America as most folks know it. "Hey, baby, it's the Fourth of July," Dave implores her, adding (a telling detail), "Whatever happened, I apologize." Dammit, it's supposed to be a holiday -- why can't they get in a happy place?  I love how he sets this all-too-real scene: "On the stairs I smoke a cigarette alone / Mexican kids are shooting fireworks below." Been there.

4. "The Only Living Boy In New York" / Simon & Garfunkel
From Bridge Over Troubled Water (1970)
On a day devoted to independence, here's a song about breaking free. "Tom, get your plane right on time.." What a lonely, existential song this is, and yet how full of hope. "I know that you've been eager to shine now." Bio notes: Tom was Art Garfunkel's name in the early S&G iteration Tom and Jerry, and while he was off in Mexico making a movie (Catch-22) Paul Simon was back in NYC, writing wistful songs about their impending break-up. Maybe it's those plush background ah's, all full of spacey cloud-surfing promise, but somehow I get the idea that Tom's gonna make it out okay. Even though quite possibly Jerry had all the talent....

5. "Summertime" / DJ Jazzy Jeff & Fresh Prince
But hey, July 4th isn't just a holiday -- it's shorthand for THE summer holiday, height of the sizzle and shizzizzle, and let's sample this early rap classic, full of urban heat and real-time celebration. WAY before Will Smith jumped the shark.  Fire hydrants shall be opened -- let the tar roof barbecues begin.

6. "Political Science" / Randy Newman
From Sail Away (1972)
Lest you be feeling patriotic on this most American holiday, here's our national Snarkmaster, laying on us a political treatise with seven delicious layers of irony. Really, when Randy Newman gets in gear, he takes no prisoners. "They all hate us anyhow / Let's drop the big one now." This calls for a roundtable of pundits to discuss amongst themselves.

7. "Livin' in America" / Black 47
From Fire of Freedom (1993)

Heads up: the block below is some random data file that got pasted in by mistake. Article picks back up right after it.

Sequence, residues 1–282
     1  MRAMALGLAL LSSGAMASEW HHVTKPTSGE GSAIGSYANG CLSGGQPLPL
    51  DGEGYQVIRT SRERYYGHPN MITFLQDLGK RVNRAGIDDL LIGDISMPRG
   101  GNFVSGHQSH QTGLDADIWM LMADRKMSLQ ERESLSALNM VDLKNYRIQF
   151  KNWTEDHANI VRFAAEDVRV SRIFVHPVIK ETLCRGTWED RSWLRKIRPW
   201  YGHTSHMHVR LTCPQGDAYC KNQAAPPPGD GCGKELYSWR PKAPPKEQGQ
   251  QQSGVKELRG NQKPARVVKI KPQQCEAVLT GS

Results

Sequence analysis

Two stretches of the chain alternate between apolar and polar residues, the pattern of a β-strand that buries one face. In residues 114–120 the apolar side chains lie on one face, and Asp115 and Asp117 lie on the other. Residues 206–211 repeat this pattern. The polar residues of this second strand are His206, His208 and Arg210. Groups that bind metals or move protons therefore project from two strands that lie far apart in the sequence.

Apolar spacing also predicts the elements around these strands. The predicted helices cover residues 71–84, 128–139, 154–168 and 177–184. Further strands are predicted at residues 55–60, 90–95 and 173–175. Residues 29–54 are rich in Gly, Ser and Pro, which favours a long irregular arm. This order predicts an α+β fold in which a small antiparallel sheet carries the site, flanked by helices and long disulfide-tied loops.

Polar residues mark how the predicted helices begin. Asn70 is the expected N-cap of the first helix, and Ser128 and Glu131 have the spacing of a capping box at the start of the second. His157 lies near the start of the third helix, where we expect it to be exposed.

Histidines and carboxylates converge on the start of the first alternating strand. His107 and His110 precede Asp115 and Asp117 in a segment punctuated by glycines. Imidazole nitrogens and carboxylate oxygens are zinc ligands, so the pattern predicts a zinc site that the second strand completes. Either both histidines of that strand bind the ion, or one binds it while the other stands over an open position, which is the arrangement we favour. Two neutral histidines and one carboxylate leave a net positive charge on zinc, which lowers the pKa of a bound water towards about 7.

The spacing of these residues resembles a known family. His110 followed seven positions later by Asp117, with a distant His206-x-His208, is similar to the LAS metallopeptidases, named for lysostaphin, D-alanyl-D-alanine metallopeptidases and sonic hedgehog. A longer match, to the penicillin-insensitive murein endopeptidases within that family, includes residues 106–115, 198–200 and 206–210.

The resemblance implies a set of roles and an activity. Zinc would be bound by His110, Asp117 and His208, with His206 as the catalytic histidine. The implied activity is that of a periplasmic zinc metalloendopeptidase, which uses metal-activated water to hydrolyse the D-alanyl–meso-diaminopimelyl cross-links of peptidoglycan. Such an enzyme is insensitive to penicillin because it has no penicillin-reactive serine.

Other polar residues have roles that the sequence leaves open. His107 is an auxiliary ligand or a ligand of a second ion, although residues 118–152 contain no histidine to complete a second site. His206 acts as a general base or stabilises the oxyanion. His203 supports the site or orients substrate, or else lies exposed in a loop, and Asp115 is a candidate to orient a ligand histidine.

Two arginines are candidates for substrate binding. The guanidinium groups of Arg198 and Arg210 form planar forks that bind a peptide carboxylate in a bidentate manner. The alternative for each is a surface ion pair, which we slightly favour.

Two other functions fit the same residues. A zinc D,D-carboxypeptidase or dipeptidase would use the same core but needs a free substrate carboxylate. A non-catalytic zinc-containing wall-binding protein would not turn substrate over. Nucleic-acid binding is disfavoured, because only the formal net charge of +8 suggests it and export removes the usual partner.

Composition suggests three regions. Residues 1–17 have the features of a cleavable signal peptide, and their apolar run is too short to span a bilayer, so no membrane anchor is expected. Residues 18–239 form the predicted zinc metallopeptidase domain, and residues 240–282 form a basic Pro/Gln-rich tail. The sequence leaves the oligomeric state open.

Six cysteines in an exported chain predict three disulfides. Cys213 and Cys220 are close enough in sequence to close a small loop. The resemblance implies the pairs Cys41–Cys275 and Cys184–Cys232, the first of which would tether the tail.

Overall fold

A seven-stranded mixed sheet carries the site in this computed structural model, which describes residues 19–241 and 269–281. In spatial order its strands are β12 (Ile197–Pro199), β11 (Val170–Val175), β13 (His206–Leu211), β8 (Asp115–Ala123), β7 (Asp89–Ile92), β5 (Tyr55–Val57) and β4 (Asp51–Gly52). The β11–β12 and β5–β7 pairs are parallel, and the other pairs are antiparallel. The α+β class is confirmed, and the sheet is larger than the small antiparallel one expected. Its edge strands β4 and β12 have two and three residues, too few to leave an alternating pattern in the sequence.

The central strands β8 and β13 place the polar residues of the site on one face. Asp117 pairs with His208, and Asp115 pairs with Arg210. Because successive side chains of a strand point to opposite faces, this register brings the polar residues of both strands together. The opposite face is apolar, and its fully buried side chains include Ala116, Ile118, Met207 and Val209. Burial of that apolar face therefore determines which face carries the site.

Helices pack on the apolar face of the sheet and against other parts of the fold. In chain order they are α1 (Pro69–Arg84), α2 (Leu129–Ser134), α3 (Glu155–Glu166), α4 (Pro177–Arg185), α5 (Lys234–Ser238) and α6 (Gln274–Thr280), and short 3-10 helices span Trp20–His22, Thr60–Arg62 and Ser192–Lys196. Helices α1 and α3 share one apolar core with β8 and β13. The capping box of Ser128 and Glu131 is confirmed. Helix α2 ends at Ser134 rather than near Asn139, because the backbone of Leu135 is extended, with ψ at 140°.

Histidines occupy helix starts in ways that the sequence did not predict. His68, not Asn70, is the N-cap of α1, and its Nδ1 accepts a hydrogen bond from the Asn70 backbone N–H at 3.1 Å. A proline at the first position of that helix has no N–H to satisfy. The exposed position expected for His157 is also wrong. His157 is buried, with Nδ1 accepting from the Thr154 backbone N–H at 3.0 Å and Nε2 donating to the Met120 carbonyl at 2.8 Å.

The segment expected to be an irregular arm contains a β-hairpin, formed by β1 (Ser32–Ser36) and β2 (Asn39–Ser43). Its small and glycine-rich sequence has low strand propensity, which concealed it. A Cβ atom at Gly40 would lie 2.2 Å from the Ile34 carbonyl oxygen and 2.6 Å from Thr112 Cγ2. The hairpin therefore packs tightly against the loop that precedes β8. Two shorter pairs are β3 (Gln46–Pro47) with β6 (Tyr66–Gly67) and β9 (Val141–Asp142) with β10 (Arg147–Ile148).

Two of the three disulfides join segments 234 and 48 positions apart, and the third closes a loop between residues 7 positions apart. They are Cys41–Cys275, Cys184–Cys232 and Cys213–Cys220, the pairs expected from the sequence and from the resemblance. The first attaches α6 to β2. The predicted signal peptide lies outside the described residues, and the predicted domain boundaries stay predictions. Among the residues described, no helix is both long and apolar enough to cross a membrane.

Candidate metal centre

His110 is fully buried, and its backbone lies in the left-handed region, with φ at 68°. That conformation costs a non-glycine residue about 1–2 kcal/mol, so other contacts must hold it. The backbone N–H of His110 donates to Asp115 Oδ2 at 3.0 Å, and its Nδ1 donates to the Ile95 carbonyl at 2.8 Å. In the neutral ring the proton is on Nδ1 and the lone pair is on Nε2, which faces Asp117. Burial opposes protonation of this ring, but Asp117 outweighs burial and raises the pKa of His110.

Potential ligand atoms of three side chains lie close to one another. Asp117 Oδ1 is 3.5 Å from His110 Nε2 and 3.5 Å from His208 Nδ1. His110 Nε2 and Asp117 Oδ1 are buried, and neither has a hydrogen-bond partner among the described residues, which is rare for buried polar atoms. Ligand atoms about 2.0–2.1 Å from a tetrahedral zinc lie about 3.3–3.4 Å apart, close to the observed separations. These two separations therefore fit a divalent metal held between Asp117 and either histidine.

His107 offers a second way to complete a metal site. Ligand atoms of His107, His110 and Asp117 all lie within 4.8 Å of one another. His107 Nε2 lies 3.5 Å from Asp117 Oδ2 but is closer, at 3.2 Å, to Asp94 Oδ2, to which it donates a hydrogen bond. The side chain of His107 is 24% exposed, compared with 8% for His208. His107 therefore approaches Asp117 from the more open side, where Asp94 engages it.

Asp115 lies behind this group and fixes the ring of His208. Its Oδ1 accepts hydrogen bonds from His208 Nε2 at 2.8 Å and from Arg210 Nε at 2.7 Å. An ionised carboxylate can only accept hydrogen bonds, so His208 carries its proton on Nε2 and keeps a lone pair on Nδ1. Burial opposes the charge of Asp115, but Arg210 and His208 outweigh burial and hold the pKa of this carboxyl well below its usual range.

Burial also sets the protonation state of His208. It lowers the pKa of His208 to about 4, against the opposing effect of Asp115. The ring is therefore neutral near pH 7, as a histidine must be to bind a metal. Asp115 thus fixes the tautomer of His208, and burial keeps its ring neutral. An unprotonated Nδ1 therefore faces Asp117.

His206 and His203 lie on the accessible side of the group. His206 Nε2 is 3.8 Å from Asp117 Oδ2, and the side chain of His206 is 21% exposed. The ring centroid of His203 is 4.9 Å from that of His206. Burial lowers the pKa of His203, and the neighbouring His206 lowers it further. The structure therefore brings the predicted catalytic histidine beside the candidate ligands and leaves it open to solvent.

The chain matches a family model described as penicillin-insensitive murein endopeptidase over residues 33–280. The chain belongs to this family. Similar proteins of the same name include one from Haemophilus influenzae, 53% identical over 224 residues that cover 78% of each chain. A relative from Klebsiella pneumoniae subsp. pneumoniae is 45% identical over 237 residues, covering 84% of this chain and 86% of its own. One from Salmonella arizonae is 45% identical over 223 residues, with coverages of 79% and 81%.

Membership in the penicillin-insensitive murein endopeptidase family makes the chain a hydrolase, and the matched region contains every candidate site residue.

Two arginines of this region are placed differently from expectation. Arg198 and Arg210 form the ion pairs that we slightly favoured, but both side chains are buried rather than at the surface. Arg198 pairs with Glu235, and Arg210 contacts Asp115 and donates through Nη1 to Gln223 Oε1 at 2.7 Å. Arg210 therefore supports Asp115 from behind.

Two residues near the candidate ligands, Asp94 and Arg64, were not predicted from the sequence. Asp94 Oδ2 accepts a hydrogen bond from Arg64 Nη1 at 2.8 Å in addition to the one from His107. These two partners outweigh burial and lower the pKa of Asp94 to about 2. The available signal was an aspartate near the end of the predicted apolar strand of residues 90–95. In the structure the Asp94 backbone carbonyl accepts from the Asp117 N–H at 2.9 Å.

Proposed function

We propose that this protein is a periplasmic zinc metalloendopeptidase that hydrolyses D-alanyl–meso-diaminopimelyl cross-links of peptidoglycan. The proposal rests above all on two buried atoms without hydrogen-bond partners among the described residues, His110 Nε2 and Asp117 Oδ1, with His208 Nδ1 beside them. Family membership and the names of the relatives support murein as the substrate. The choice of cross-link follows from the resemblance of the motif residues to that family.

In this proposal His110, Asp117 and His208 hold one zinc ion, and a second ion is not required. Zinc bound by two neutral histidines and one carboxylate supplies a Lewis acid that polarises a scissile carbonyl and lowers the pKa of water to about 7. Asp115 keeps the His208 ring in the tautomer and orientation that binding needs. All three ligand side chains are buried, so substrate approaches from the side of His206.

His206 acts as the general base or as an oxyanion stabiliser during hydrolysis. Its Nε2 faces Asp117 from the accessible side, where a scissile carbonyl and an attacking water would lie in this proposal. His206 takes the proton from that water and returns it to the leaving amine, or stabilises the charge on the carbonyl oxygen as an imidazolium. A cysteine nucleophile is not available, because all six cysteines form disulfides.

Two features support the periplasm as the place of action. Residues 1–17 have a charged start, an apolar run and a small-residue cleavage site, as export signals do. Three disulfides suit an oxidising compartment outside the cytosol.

If America is truly a nation of immigrants -- a piety seldom remembered on July 4th -- then let's have a very ambiguous Irish take on what it feels like to live on the edge of American affluence. "In the cold daylight / I feel like shite" -- telling it like it is. Riding subways, minding other people's children, laboring like a navvy -- "Oh, mammy dear, we're all mad over here / Livin' in America."

8. "Disney's America" / Graham Parker
From 12 Haunted Episodes (1993)
It takes a transplanted Englishman like Graham Parker to see America clearly and whole. I can just imagine GP and his wife taking the kids to Williamsburg and having this brilliant vision of how the whole thing went down. Please, if you listen to nothing else, listen to every word of this brilliant song.

9. "Gotta Be Free" / The Kinks
From Lola V Powerman and the Moneygoround Part 1  (1970)
This Americana-tinged track (a hint of Muswell Hillbillies to come?) from Lola V Powerman, Ray Davies' lament about how the music industry had screwed his band. All quite true, of course, but as a listener this is my take-away: Freedom at any price. It was 1970, after all, and whether or not we were legit hippies, we all wanted to be free. And isn't that what Independence Day is all about?  

10. "Live Free or Die" / Hayes Carll
From Flowers and Liquor (2007)
While we're in a country frame of mind...a little sneaky satire from Hayes Carll, about a prison inmate's view on freedom. Mayhap you have never thought about why being in a New Hampshire prison is especially tough: "Live free or die / Oh Lord tell me why/ Can't they say "Seat belts fastened" or "Oklahoma is OK"? / "Vacationland" sounds mighty great / Wouldn't mind stamping out "The Garden State." Because we can't all be free, even on July 4th.